The 8 Essentials of an Incident Response Plan

Anyone who has ever had the misfortune to have a fatality occur in your workplace knows what a profound effect the experience has on everyone in the organization.

As you grieve the loss of a colleague, it can be helpful to rely on an incident response plan. Its guidelines can help you through a sad and unfamiliar experience. Here are some suggestions from safety professional John Riehs on how to create such a plan.

Before you start preparing your plan, Riehs suggests you contact the law enforcement and coroner’s office in your district. This will ensure that your procedures are kept within local law requirements.

In general, these are the eight things a plan should address:

1. Notification Procedures
Develop a formal method of communicating to ensure that all pertinent departments are notified of an incident. This procedure should specify:

• The names/positions and contact information of those to be notified;
• When they must be notified, listed in order of priority; and
• The person or position responsible for making contact.

2. A Victim Services Team
Consisting of personnel within the company, this team should be responsible for coordinating:

• Notifying the victim’s family;
• Locating the hospital;
• Transporting the family;
• Handling the victim’s personal effects, such as wallet, purse, jewellery, tools, automobile, etc.;
• Procuring critical incident stress services or counselling for co-workers; and
• Notifying the company’s human resources department and initiating procedures regarding dispersal of the final pay check and emergency assistance plans.

It’s important that the family be notified quickly. In small towns, some police reports are still broadcasted over scanners. It’s also important to specify in your plan that a company representative should stay with the family until other personal support, such as clergy or relative, arrives.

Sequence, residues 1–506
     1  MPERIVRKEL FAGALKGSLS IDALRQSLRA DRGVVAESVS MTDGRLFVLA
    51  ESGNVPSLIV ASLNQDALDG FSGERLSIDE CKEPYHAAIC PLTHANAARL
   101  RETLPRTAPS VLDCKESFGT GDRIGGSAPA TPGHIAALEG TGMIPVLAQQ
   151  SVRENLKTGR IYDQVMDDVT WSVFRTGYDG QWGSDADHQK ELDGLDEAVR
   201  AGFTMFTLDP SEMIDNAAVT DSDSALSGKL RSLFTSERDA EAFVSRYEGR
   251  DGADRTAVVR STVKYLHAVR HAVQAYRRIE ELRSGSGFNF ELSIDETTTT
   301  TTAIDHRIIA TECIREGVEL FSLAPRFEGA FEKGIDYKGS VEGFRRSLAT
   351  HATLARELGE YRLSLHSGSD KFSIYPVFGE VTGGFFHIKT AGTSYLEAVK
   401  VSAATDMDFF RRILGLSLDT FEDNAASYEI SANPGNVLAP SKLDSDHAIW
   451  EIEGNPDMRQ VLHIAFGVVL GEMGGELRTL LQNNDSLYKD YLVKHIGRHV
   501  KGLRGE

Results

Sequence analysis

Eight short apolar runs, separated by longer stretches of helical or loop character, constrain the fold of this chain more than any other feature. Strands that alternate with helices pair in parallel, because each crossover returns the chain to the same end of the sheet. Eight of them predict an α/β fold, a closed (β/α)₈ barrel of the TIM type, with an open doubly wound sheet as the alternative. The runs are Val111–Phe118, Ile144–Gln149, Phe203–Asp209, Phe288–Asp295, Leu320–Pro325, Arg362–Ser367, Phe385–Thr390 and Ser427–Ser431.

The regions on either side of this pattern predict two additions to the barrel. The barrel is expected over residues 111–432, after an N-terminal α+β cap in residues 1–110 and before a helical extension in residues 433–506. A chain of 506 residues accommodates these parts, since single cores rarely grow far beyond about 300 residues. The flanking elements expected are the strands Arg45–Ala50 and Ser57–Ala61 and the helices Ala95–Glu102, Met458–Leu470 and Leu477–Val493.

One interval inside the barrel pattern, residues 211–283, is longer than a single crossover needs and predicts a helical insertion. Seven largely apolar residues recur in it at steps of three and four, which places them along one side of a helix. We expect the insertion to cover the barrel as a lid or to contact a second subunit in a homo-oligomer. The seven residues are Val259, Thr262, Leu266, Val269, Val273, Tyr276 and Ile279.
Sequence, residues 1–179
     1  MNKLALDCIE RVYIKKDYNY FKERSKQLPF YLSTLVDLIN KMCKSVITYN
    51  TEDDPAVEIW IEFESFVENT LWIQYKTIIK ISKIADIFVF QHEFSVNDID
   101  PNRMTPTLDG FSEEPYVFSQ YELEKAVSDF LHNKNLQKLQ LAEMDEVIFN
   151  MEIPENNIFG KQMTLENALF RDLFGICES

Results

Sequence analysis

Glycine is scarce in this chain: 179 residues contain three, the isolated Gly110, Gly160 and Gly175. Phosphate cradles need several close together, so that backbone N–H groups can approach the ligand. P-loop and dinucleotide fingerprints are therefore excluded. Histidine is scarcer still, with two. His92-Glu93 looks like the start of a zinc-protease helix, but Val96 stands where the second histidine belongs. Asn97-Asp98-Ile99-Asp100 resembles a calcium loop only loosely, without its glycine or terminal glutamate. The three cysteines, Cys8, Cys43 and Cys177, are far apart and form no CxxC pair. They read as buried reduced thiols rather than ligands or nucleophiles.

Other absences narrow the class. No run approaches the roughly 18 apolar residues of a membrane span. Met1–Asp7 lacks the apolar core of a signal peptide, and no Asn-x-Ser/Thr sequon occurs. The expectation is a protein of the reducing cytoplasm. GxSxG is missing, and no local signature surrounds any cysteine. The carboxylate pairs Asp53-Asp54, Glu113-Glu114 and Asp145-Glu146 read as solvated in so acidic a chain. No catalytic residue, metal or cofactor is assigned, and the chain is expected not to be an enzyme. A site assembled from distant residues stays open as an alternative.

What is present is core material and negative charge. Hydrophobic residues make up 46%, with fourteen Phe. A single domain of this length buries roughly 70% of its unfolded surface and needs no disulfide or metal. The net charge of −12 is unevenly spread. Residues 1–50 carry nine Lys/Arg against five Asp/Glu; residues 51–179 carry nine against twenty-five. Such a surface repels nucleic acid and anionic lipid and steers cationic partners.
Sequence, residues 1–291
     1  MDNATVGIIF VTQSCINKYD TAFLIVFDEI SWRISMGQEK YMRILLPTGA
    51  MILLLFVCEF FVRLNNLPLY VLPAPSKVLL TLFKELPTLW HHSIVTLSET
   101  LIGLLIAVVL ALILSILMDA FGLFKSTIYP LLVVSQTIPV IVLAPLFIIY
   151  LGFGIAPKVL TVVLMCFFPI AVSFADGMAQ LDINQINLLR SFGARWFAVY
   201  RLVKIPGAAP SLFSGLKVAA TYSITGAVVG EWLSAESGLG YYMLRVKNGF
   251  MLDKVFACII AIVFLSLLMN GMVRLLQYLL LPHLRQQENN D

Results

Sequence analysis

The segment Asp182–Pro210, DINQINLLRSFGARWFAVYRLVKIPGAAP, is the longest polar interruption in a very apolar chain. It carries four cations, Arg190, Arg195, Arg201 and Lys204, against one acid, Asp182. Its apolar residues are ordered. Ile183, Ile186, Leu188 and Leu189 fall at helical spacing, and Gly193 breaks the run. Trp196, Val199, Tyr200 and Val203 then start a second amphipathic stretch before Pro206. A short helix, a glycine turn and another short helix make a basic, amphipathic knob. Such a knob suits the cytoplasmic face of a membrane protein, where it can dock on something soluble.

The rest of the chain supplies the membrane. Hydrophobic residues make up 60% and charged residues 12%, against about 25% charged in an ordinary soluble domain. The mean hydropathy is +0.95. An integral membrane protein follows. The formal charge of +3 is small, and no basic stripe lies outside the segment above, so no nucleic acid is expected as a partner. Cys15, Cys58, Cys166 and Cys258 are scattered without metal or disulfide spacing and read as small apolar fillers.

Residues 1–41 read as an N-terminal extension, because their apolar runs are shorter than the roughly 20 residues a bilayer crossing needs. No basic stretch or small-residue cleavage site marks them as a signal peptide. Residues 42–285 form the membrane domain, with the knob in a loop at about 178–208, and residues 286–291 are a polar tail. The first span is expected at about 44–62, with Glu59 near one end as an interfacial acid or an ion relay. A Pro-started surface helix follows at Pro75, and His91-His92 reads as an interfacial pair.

3. Medical Waste Management
Outline procedures for handling any medical waste in accordance with federal and state regulations. Many states have regulations regarding the correct disposal of medical waste. In some cases, industrial sites fall under a different set of regulations than other businesses. To be sure your procedure is correct, Riehs suggests you contact your:

• Local health department;
• Local environmental agency;
• Coroner’s office; or
• Local large hospital.

4. Communicating with the Media
In addition to the notification list, work with your public relations staff to determine how, when and by whom information is communicated to the media.

5. Incident Investigation
The company should initiate a formal review of the incident. This investigation should be conducted by someone other than management and the victim’s co-workers. Be sure to notify the family before communicating the investigation results to employees.

6. Privacy Issues